Set Aside Time for Task of Updating Job Descriptions

One of my tasks that always seems to fall through the cracks is updating the job descriptions for all the positions that report to me.
There are numerous distractions to hold my attention each day and keep me from doing this important task. There may be an unhappy customer to satisfy, an account with linen handling and distribution issues to assist, employee conflicts to moderate and budget meetings to attend.
The task of updating these job descriptions waits patiently for me to decide that I have the time and the interest to perform it.
While I’m away from them, the job descriptions get more and more out of date. There are consequences for allowing job descriptions to become outdated.
Job descriptions are used for determining the salary scale of your positions. If the laundry has upgraded its equipment and the level of responsibility that goes with the job, these changes should be incorporated into the job description.
The laundry industry, like many others, has been in a constant state of change for a number of years. We managers see these changes and try to approach them proactively. Part of that approach needs to be the annual review of job descriptions.
Your compensation department should review updated job descriptions a minimum of every two years. This will ensure that the salary range for your positions is keeping up with the changes in our industry.
The human resources department uses job descriptions in the recruitment of new employees to your area. Key job responsibilities are often pulled from the description and placed in “help wanted” ads and in internal postings.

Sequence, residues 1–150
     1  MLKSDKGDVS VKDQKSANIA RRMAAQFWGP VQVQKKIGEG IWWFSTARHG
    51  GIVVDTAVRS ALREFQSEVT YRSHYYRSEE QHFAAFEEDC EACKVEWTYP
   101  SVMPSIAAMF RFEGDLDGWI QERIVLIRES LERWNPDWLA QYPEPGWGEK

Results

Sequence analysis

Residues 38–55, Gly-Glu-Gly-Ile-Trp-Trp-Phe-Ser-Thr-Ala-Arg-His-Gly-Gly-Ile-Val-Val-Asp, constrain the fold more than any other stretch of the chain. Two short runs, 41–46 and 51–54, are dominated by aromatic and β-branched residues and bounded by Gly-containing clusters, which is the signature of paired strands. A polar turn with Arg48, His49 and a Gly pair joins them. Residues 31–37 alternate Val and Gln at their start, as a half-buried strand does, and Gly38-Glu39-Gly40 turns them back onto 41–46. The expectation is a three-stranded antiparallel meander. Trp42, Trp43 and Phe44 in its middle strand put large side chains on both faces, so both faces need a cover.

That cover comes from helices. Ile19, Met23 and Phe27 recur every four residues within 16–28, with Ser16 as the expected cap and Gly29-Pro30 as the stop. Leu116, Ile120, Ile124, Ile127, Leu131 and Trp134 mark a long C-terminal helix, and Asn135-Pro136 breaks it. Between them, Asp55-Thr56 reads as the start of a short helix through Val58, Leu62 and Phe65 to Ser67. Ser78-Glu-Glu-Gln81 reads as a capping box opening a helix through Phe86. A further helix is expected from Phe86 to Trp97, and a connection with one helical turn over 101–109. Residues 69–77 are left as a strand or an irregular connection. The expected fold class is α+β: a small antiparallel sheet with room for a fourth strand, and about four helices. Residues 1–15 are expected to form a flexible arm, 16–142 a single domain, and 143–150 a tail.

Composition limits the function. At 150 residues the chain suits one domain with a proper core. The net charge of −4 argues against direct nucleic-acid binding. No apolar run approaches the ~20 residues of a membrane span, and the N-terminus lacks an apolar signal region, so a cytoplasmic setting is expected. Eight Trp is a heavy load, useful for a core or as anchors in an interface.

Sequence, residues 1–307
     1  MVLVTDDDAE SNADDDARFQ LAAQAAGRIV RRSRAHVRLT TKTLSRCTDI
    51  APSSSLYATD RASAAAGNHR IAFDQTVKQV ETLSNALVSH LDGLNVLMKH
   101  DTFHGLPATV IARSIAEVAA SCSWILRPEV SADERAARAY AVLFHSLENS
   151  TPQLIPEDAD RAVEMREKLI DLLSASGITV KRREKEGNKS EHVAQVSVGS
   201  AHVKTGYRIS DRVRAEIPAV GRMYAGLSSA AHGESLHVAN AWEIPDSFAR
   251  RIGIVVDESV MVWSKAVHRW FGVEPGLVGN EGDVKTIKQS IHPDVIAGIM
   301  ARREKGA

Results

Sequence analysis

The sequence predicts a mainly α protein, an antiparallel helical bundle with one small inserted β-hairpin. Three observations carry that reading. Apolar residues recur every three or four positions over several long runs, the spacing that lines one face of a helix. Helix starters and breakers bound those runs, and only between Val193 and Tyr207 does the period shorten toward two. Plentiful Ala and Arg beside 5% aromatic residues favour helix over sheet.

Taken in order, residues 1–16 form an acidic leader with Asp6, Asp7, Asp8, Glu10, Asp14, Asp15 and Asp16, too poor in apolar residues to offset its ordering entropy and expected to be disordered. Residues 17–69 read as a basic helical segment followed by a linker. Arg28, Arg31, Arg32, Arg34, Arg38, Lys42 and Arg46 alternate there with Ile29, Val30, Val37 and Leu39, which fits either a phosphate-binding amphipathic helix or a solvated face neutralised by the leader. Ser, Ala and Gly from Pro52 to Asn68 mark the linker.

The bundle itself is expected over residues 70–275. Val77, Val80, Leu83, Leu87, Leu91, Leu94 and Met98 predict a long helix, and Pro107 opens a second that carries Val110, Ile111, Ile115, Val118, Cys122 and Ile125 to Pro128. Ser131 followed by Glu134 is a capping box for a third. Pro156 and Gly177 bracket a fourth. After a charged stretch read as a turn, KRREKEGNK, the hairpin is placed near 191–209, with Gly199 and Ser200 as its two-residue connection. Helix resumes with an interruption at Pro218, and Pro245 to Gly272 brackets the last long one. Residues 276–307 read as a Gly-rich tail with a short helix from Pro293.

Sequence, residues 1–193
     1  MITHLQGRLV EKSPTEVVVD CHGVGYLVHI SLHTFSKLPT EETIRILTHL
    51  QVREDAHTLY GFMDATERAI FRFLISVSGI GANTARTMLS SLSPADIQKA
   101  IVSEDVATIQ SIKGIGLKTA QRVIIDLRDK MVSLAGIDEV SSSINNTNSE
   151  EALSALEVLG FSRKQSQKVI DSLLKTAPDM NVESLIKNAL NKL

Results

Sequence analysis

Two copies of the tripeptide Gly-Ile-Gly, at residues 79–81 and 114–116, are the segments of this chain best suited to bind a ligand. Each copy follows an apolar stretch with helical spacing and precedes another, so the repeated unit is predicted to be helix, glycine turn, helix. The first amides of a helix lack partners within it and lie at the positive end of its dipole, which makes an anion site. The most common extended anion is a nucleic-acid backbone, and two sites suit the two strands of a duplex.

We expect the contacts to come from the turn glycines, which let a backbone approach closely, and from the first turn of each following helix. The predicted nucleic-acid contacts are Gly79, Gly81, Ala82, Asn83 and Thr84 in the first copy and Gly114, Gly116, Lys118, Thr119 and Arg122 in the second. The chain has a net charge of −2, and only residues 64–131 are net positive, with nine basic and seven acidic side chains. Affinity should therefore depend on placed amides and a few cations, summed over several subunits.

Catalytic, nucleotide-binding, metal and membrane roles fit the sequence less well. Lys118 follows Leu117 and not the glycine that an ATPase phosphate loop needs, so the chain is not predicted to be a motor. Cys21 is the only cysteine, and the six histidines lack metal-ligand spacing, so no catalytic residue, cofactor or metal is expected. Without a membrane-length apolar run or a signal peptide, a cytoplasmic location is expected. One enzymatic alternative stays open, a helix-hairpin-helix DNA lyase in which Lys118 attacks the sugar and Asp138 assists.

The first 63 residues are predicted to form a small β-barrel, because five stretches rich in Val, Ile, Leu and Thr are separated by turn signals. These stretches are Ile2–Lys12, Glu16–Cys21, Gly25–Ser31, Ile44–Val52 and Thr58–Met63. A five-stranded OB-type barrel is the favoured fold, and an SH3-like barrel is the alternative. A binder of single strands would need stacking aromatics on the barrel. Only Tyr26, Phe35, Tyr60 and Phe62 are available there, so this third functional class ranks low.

Most hospital or hotel recruiters recruit for a number of departments. These individuals can’t be expected to know firsthand exactly what’s needed for each position opening. They rely on job descriptions to help them. If a description is out of date, then they’ll be looking for the wrong skills.
Potential employees often review job descriptions to see if they want to interview for a particular job. They gauge their interest and do a self-assessment with regard to your position. We managers need to provide the most up-to-date information for them to use so they can accurately decide their interest and evaluate their skills with regard to the job.
I enjoy writing and produce one or two articles for publication every month. I find writing to be a relaxing endeavor, but I don’t enjoy having to update job descriptions. If I don’t schedule this task, put it up on my calendar and establish a deadline, it simply won’t get done.
I imagine there are other managers who feel the same way about this task. Updating job descriptions is an important function of management, so take this as my personal challenge to you: commit to updating your job descriptions in the next three months, mark it on your calendar and set yourself a deadline.
It’s a job that, once completed, will have unexpected positive outcomes for the rest of the year.


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